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Brewers and other beverage companies see business shift during pandemic.

Among the business lessons that might be gleaned from the COVID-19 pandemic: sometimes bigger companies can be nimbler than small ones.

At least this seems to have the case in the beer industry. Major brewers and their distributors have proved to be better positioned to meet changing consumer demand during this pandemic than smaller craft brewers — at least here in the nation’s central corridor. Other beverage categories appear to have had similar experiences.

There are several reasons for this. For one thing, larger producers were able to respond quickly when stay-at-home orders curtailed bar and restaurant operations and consumers shifted more to in-home consumption. And the shift to retail sales was pretty dramatic. One survey found brick-and-mortar alcohol sales up 41% the first week of May, compared to the same period a year earlier.

Consumers didn’t just change WHERE they purchased their beverages. Seeking to minimize shopping trips and reduce COVID-19 exposure, they also changed how much they purchased. A shopper who may have opted for a four-pack of a craft beer pre-COVID-19 for a Friday night, for example, was now more likely to purchase a 24- or 30-pack case that would last longer.

According to a survey by Nielson, in fact, sales of 30-packs were up 21% and 24-packs were up 20%, while six-packs decreased 2% during a representative week in April. With few craft brewers equipped to package their products in bulk, consumers have gravitated toward for the larger, national brands that offer larger volume packaging options.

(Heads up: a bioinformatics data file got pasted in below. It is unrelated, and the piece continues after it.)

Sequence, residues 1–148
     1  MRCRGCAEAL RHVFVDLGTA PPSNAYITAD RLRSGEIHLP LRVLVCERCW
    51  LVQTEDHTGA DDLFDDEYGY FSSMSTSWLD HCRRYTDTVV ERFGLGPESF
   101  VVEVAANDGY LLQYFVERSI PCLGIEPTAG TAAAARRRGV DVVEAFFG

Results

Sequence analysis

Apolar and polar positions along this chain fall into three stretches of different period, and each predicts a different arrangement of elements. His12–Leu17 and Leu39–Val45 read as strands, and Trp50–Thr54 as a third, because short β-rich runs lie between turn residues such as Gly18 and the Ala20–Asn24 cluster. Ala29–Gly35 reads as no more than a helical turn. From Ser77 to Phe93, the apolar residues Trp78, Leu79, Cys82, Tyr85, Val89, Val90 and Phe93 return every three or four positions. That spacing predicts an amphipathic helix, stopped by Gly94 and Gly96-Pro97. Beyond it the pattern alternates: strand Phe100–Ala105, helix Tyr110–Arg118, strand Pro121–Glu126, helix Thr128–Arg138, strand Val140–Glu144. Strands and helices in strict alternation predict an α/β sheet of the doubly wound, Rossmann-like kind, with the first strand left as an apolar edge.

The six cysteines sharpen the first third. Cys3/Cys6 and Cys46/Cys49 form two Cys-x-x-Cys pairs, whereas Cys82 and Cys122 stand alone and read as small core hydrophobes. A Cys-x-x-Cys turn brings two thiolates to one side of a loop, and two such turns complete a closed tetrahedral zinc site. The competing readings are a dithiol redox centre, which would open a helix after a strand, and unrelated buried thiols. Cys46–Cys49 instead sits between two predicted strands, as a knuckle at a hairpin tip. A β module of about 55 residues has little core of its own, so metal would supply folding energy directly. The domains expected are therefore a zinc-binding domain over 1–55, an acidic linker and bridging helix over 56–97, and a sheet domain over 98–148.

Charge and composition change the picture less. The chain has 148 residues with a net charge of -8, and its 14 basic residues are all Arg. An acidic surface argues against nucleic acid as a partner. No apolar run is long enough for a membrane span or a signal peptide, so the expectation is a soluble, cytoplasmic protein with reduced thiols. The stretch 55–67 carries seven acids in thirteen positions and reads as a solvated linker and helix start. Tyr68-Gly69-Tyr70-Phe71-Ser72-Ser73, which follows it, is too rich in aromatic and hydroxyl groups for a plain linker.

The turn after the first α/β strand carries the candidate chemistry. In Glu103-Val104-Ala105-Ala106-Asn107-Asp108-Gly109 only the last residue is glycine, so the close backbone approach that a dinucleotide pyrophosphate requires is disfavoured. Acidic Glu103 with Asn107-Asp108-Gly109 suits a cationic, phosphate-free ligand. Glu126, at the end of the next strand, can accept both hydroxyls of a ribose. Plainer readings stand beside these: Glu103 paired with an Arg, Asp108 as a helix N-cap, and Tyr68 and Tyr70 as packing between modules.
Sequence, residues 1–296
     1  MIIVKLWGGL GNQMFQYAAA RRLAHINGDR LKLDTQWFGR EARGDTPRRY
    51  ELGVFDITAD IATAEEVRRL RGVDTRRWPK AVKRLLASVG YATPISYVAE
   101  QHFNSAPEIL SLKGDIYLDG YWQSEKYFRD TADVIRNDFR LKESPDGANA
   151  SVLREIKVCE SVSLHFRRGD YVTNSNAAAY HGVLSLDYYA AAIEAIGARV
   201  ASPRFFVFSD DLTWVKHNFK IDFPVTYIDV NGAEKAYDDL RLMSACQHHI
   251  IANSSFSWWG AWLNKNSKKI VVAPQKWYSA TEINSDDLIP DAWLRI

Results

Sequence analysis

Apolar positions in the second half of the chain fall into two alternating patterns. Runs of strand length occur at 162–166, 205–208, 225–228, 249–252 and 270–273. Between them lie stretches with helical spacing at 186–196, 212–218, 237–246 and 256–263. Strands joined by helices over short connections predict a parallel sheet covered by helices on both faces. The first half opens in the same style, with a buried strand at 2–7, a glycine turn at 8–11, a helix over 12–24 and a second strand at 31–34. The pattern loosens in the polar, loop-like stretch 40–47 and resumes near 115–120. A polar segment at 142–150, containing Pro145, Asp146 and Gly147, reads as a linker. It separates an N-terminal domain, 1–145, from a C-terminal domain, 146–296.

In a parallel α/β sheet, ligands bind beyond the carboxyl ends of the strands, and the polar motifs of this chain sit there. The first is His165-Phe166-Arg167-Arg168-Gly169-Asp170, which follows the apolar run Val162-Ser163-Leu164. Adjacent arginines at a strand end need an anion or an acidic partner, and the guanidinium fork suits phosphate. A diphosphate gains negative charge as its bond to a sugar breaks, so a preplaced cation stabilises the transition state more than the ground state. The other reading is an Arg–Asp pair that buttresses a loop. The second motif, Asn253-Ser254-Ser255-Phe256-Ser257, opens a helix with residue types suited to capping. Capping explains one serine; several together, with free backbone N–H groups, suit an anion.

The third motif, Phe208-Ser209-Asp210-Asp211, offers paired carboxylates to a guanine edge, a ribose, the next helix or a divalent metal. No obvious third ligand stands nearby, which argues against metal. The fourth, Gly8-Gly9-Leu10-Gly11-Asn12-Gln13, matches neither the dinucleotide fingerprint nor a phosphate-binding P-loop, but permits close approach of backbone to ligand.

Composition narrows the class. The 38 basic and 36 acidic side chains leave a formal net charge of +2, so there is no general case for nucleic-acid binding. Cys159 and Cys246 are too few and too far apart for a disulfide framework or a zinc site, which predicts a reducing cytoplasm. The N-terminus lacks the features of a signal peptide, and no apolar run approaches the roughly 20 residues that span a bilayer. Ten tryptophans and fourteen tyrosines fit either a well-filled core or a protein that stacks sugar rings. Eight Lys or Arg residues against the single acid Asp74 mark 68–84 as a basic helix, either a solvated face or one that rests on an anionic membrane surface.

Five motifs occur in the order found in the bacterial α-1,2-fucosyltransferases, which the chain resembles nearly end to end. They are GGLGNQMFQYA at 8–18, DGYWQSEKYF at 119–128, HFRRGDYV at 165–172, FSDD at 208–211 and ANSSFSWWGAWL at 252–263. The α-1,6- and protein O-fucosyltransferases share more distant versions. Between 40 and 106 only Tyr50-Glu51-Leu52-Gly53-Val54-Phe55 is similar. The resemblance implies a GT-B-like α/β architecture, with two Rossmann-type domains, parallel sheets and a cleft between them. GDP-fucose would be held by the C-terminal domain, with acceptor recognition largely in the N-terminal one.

While these sales trends are clear today, they were much less certain in the spring. Like many of our wholesale and distributor customers, other beverage companies found that keeping retail store shelves fully stocked to be challenging, especially in the pandemic’s early days.

Inventory days for beer — the average number of days a store holds its inventory before selling it — dropped from a pre-pandemic average of 22 to just eight in July 2020. At their low point, some stores reported just a two-day supply of some beverages. This was especially true in the early days of the pandemic when some brewers and other beverage companies were tempted to delay production while figuring out the stay-at-home orders’ impacts.

Global brewers like Anheuser-Busch InBev benefited from their ability to learn from their operations in China and Europe, where COVID-19 struck earlier. Given that it takes about 30 days to brew beer, a head start on brewing and packaging decisions could have a significant impact on keeping store shelves stocked.

Changes in local laws allowing distributors to repurchase kegs, bottled and canned products sold to bars and restaurants prior to mandatory closings also created a win-win situation. It helped the on-premise sellers with cash flow, while adding inventory that brewers could repackage for retail sale.

While some smaller brewers are struggling, especially newer brewpubs that sell their products primarily on premises, others have added online sales and retail locations, or changed packaging to accommodate demand for higher volume sales.

Despite increased retail sales, overall alcohol consumption has been down slightly during the pandemic, studies show. Industry analysts say that is most likely attributable to the decline in social gatherings, sporting events and other public activities.

Current sales trends, analysts say, are expected to continue until next summer, when a COVID-19 vaccine is likely to be available and the former balance between on-site/off-premises drink sales seems most likely to return. Let’s hope that industry players, large and small, will have weathered the pandemic and be here to meet that demand.

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